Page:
The 60% budgeting rule, or the 60% solution, is a common breakdown of income percentages used for budgeting. There are a few variations to the 60% budgeting solution, but each maintain 60% of your income as the largest portion.

What is the 60% Budget?

In the 60% budget method, your income is divided up into two or more different categories, depending on the variation you choose. We’ll cover four common variations: 60/40, 60/20/20, 60/30/10, and 60/10/10/10/10.

60/40 Rule

  • 60% – Essential Fixed Expenses
  • 40% – Savings, Variable Expenses, & Entertainment

The 60/40 budget only groups your expenses into two broad categories. 60 percent is reserved for necessary expenses like housing and food. The remaining 40 percent goes to everything else like variable more optional expenses, as well as saving and investing.

60/20/20 Rule

  • 60% – Essential Fixed Expenses
  • 20% – Savings
  • 20% – Entertainment

The 60/20/20 budget is a frequently used version of the 60% rule. This version breaks down your expenses into three categories. The largest 60 percent portion is still reserved for those necessary expenses. The remainder is a bit more structured, allocating 20 percent each to savings and entertainment costs.

60/30/10 Rule

  • 60% – Saving & Investing
  • 30% – Needs
  • 10% – Wants

The final common variation of the 60% rule is 60/30/10. In this budget, saving and investing is very prioritized. This is a great budget for those with higher incomes or a low debt-to-income (DTI) ratio. Instead of fixed expenses, the 60 percent portion is reserved for saving and investing. 30 percent is set for those essential costs. The remaining 10 percent is for more flexible spending.

60/10/10/10/10 Rule

  • 60% – Expenses
  • 10% – Retirement Savings
  • 10% – Long-term Savings
  • 10% – Short-term Savings
  • 10% – Casual Spending

The 60/10/10/10/10 split budget is the most specific version of the 60% rule. This version breaks down your expenses into five categories. The largest 60 percent remains for expenses. The remainder is split evenly four ways, 10% each, for various saving goals (retirement, short-term, long-term) and flexible spending.

60% Budget Calculator

Choose which version of the 60% budget rule you’d like to see and input your income to see how the budgets would apply to you! This can be income for any range that you choose: weekly, biweekly, monthly, annual salary, etc.

60% Budget Google Sheet

Are you a spreadsheet person? Cool, us too! That’s why we’ve put together this Google Sheet resource for calculating different budgets, including each of the variations of the 60% rule that we covered here.


Make a copy of our spreadsheet and check it out!

60% Budget Frequently Asked Questions (FAQs)

If you’re unsure about anything pertaining to the 60% budget, check out some of these frequently asked questions.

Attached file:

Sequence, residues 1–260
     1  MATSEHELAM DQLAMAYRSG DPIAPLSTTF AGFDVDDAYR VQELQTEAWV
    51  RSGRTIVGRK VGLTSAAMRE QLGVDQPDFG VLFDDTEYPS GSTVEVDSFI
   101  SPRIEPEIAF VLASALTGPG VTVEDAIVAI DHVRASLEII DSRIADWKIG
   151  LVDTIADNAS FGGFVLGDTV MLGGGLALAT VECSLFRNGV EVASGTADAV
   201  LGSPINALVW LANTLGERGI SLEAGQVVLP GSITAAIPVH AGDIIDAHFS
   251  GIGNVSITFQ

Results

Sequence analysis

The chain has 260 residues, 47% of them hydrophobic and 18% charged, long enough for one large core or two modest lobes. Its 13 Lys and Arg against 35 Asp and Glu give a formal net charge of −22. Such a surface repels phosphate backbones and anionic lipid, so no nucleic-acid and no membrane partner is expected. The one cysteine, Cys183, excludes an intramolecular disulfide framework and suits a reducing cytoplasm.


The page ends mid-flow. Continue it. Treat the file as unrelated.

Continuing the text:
What is the 60% budget?

The 60% budget is a simple way to budget your income. It comes in a few variations, where you divide your income into two or more categories. 


In the 60/40 rule, 60% is for essential expenses and 40% is for savings and variable expenses. 


In the 60/20/20 rule, 60% stays for essentials, but savings and variable expenses are split 20% each. 


In the 60/30/10 rule, the 60% prioritizes saving, while 30% is for essentials and 10% is for flexible spending. 


Finally, in the 60/10/10/10/10 split, 60% is for expenses, while the remainder is divided equally between retirement, short-term, and long-term savings, in addition to flexible spending.

Which version of the 60% budget should I choose?

Different budgeting methods will work better for some people and worse for others. The 60/40 version is less structured, but gives a general guide. The 60/20/20 and 60/10/10/10/10 versions are similarly allocated, prioritizing expenses, but are a bit more structured. The 60/30/10 version is better reserved with those for higher incomes and/or low expenses since saving and investing is so emphasized. 

How do I know if I'm following the 60% budget?

As you can see by the variations that exist by the 60% budget, you can modify this “rule” to best fit your needs. You can determine how strictly you follow this budget.

Is the 60% budget realistic?

The 60% budget will work better for some people than others. Testing out different budget methods and pushing yourself to spend more wisely is what we’d recommend for choosing the best budget for you.

Other Percentage-Based Budgets

50/30/20 Budget Rule

✔️ Best for those with higher expenses or lower income

70/20/10 Budget Rule

✔️ Best for those with higher expenses or lower income

80/20 Budget Rule

✔️ Best for the financially disciplined with higher expenses